For 2014 I’ve again set my goal for 60,000 words total. That’s 5,000 words a month. I’ll keep you posted on how that goes.

There were two entire months this year — July and August — where I wrote nothing at all. Those months I do regret. It was at the point where I didn’t know how to finish the novel that was my largest bit of work in 2013. Eventually I turned to a short story and finished that, then started another one. For 2014, I don’t want to let that happen again. So a secondary goal is to write at least something every week and have no zero-word months.

There is a lot of argument among independent authors about what success means. Many writers consider success to be making a lot of money with your publishing efforts. Most of us would love to make a lot of money, but that doesn’t mean we all define success that way. I am one of those who does not.

Writing fiction is deeply satisfying to me, but it still doesn’t come easy. I’m learning a lot along the way, mostly about story structure, characters, and how to weave all the elements together. So for me, for now, success is the ability to continue to write and to see my abilities grow stronger. That is all. In that framework 2013 was a huge success, even though I made almost no money.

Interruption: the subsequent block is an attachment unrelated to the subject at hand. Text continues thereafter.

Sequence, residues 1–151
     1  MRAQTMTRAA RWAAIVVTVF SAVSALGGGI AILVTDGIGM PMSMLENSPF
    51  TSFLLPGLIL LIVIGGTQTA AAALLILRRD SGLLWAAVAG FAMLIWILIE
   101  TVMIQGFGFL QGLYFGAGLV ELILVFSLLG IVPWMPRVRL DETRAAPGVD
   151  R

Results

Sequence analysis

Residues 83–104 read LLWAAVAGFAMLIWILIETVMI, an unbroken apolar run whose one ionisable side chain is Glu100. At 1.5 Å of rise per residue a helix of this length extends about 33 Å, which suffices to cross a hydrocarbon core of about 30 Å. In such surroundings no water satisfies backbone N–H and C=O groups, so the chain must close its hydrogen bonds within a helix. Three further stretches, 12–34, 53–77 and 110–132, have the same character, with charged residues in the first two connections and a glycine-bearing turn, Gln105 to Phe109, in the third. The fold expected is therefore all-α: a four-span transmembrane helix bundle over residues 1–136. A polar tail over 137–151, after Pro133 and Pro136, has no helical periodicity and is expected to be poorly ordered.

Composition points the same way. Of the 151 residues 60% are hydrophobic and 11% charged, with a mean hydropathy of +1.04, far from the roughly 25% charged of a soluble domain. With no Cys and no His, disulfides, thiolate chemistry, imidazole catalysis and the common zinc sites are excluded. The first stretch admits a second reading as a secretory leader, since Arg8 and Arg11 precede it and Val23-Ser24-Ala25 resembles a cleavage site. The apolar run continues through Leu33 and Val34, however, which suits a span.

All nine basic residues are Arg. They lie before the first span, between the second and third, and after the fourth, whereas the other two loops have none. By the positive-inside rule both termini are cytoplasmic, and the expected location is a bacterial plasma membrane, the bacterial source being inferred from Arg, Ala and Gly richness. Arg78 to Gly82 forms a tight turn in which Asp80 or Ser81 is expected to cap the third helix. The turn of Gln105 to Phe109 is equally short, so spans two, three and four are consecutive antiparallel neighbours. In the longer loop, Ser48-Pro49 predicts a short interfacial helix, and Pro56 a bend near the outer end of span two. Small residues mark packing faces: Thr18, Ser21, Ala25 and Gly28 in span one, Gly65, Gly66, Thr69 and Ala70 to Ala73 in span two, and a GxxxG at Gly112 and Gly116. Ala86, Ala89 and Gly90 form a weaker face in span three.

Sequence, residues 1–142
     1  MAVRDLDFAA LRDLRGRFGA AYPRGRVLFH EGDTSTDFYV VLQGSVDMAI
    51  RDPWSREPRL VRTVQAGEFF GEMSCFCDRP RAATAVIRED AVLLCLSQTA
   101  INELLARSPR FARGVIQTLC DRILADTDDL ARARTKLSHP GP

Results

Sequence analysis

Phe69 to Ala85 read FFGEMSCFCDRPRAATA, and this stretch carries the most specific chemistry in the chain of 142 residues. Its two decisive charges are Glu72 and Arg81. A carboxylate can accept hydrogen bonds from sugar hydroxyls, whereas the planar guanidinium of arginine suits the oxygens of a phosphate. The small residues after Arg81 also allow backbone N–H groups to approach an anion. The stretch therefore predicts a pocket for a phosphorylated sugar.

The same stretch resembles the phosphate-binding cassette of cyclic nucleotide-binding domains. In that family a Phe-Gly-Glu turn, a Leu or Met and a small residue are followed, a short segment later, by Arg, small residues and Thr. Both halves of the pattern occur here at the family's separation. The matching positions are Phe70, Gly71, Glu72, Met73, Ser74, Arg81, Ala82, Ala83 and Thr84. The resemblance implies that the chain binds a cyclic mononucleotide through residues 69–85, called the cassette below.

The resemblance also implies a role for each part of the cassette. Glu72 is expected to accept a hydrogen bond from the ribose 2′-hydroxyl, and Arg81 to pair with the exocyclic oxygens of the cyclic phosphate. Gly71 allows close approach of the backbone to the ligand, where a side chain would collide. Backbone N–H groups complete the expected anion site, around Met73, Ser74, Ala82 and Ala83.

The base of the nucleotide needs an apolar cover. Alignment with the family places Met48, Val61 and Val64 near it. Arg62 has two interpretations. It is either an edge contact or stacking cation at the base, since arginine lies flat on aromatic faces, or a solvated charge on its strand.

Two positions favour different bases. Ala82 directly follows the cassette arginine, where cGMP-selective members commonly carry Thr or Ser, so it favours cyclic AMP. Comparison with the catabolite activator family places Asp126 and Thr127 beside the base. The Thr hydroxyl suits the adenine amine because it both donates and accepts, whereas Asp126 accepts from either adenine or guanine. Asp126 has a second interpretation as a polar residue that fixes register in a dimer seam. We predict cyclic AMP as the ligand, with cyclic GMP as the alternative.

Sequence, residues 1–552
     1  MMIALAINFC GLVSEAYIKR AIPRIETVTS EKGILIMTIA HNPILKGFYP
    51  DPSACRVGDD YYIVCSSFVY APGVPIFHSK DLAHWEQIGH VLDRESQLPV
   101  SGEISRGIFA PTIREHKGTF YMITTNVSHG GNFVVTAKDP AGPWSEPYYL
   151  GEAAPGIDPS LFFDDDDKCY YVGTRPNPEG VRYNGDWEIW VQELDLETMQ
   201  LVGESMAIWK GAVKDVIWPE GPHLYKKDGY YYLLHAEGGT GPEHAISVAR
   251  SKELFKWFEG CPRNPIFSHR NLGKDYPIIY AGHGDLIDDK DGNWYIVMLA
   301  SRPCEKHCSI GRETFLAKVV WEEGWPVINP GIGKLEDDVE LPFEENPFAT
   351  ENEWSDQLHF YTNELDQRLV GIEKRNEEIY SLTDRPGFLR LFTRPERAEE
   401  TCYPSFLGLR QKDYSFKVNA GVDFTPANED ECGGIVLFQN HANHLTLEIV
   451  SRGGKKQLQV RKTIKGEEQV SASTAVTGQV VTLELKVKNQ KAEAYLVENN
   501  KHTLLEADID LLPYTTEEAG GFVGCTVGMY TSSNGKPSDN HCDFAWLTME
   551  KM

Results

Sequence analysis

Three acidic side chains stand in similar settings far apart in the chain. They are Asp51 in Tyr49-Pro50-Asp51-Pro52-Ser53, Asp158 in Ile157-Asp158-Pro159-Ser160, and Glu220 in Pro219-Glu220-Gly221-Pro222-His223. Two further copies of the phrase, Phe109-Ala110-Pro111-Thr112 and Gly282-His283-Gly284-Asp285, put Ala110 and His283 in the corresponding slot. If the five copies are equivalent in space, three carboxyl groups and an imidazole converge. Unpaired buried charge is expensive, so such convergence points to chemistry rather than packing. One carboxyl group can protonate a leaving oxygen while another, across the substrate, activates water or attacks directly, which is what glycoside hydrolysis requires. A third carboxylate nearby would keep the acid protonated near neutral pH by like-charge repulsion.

I turned 60 years old this past fall and yet I still don’t feel rushed. There is time to write, time to keep learning, to become a better writer and a better publisher. That is the only thing I can control, and so I will.

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Another free day

This Friday, Nov. 29, my short story Into the Rift, will once again be free in all Amazon Kindle stores. There will be two more free days before the story leaves Amazon Select and moves to additional distributors, probably in early January.

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About that quote

In the post below, I originally used the entire quote, as I found it on Goodreads. That full quote is here:

“If you want to really hurt your parents, and you don’t have the nerve to be gay, the least you can do is go into the arts. I’m not kidding. The arts are not a way to make a living. They are a very human way of making life more bearable. Practicing an art, no matter how well or badly, is a way to make your soul grow, for heaven’s sake. Sing in the shower. Dance to the radio. Tell stories. Write a poem to a friend, even a lousy poem. Do it as well as you possible can. You will get an enormous reward. You will have created something.”

― Kurt Vonnegut, A Man Without a Country